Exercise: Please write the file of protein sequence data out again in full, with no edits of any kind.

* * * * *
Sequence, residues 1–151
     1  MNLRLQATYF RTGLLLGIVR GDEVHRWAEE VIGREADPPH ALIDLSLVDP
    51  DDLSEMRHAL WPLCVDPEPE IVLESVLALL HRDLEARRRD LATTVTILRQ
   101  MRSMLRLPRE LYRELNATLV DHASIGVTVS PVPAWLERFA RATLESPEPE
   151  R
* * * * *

Sequence, residues 1–151
     1  MNLRLQATYF RTGLLLGIVR GDEVHRWAEE VIGREADPPH ALIDLSLVDP
    51  DDLSEMRHAL WPLCVDPEPE IVLESVLALL HRDLEARRRD LATTVTILRQ
   101  MRSMLRLPRE LYRELNATLV DHASIGVTVS PVPAWLERFA RATLESPEPE
   151  R